BWCA Entry Point, Route, and Trip Report Blog
February 25 2021
Number of Permits per Day: 14
Elevation: 1324 feet
"This trip will be taking off from Fall Lake up through Newton Falls portage onto Pipestone Bay campsites. 3 day, 2 night trip into the wilderness.
Trip Report - Ensign
August 01, 2015
Number of Days:
The kitchen is elevated and you can see for miles. Steaks with rice never tasted better.
First night it started to drizzle at around 2 AM. By 230 the torrential downpour, big lightning and thunder were hitting us. Kids took it well but were a little scared when the big gusts of wind flexed the tent. It was my biggest storm I have been in while sleeping in a tent. Nice to see my tent took it and did not fail me.
Great first day, but then the next morning I woke up to a near disaster. My canoe that had been turned over on the bank was gone. A big gust from the storm must have gotten under the canoe and flipped it somehow. It was a good 5 feet from shore, but the site has a steep grade off the water. Both paddles were also gone. Looked at my leech bucket and the top was still there attached to the tree with rope, but the bottom was gone. Kids were fishing and must not have screwed it on right.
So I went to bed all happy, and woke up missing a canoe, two paddles, and over a pound of leeches.
Looked off and could see a straight line in the water a half mile away, right next to a campsite. The people at that site came out and pulled the canoe out of the water. As we paddled over to get it, we were talking about what we were going to do with 2 canoes and only 2 paddles. When we got to campsite we could not believe it but the people found both paddles floating with the canoe. Not sure how that happened but things were looking up.
Got back to the site and the kids were hungry so egg and bacon burritos were quickly made and devoured.
Kids were completely bummed that we did not have leeches. I have lots of lures and tube jigs but did not want to use that exclusively. As we had seen a steady stream of people going past on their way out of the BW, I told my daughter to ask people canoeing by us if they had any leeches they were not using. 4 people stopped and unloaded leeches into our new ziplock bag leech container. Most people were laughing and saying they did not know why they were transporting leeches on the way out. We ended up with about 6 dozen. Turned out to be more than enough for the rest of the trip.
We paddled across the lake and fished from shore on the eastern island that is directly south of our campsite. We caught quite a few smallmouth and walleyes. I think pike or two were caught as well.
After fish taco late lunch, we went back across to that island and put the fish carcasses on the rocks. Kids loved watching 3 Bald Eagles eating fish.
I had brought a crayfish trap along. My 6 year old caught 5 without there being any bait in it. I threw one fishhead in it and he was catching 5 to six at a time. He pulled it out of the water every 10 minutes. He would have caught many more if the trap was IN the water more that out, but it kept him busy. Just then the camp manager (AKA the snapping turtle the kids named Bucky) made his first appearance. He was very bold and demanded to be fed. When we did not throw him scraps, he chewed a hole in the crawfish trap and stole the walleye head. Jerk. I paid $8 for that trap. Bucky would come back every few hours to talk with the kids. He stuck his head above water and begged for food as much as my dog does at home.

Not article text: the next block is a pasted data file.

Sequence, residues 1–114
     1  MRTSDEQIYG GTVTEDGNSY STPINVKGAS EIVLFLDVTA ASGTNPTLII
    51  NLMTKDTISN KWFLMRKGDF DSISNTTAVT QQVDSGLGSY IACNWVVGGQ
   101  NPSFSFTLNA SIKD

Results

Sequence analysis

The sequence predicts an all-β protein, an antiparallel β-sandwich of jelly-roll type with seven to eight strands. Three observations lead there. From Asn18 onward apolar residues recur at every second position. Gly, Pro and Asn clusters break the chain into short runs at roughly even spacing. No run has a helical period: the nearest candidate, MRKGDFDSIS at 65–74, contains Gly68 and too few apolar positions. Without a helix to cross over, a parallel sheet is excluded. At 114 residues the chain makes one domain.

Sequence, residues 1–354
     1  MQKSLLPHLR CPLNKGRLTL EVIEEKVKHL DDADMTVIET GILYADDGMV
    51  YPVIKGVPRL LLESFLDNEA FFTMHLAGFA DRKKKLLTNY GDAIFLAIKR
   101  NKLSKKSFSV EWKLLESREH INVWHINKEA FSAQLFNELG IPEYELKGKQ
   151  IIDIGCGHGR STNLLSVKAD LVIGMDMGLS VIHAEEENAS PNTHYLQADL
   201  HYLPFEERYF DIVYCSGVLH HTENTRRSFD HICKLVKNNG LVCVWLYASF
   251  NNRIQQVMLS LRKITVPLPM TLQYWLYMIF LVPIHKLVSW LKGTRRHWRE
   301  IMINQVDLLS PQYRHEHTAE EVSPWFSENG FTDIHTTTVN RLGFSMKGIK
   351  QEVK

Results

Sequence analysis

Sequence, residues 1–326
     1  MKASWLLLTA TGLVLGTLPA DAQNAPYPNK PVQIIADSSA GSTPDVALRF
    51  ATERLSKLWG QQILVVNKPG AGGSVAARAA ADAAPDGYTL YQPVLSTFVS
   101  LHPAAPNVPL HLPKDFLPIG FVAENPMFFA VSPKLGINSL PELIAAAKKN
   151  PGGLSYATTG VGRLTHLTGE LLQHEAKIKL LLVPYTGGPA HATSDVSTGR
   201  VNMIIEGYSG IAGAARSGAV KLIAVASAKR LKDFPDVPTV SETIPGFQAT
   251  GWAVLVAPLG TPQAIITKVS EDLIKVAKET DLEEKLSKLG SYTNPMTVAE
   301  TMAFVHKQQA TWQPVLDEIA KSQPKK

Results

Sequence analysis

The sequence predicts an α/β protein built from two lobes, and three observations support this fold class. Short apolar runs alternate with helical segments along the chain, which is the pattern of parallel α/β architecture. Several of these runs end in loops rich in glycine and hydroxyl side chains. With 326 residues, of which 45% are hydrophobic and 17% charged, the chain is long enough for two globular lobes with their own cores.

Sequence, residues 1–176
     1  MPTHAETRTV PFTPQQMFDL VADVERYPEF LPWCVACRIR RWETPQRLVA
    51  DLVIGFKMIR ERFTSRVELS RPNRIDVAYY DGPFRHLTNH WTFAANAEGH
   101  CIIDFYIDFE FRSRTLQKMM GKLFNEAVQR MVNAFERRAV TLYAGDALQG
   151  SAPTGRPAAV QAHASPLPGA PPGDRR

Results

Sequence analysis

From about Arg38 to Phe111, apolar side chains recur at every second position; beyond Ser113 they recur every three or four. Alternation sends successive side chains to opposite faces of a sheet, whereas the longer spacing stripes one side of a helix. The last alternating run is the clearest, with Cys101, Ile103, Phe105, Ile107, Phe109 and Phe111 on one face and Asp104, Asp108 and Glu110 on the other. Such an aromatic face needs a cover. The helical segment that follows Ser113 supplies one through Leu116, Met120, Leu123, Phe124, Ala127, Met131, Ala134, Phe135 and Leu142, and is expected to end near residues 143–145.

When they were not fishing or hiking, the kids had a great time swimming in the bay on the east side of the campsite.
A guy collecting firewood along shore came by and asked us if we were missing the bottom of a leech bucket. He threw it on shore for us. He found it across the lake and had been stopping at campsites trying to return it to its rightful owner.
So my morning started out HORRIBLE, and now I was back to having everything back again. Canoe (now tied up ashore), paddles, and a leech bucket that was filled with leeches.
I love this site and I love the people that we met out there that helped us out.
About 6 years ago I was on Seagull at a great site. A guy and his 8 year old daughter saw us packing up and waited offshore so they could stay at my site when we left. I told them to stop sitting off shore and to just come up and unpack while I pack up. I then gave him a tour, showed him our honey hole fishing spot, gave him a spool of Sufix Seige as his lines were all messed up.and gave him the rest of my leeches as I was heading out. I guess if you are nice to people, you get treated the same way
Weather was a little cooler but kids still spent a lot of time in the water. We fished a lot on the west side of the peninsula. My 6 year old caught a big smallmouth and was really upset with my rule about not eating large smallmouths. He really thought it was unfair we could not eat his fish. He cried a lot as it swam away. The walleyes made it into another round of fish tacos for lunch.
We had planned to meet back at the portage to be picked up at 1030, but got an early start. I occasionally got cellular coverage on Ensign with AT&T. Thankfully I got through to the outfitter and moved my pick up to 9.
Kids were so excited to have a nice warm shower and a can of Root Beer.
On car ride back to Ely for the traditional Bucky Burger send off, the 7 kids unanimously voted that we make this trip an annual affair.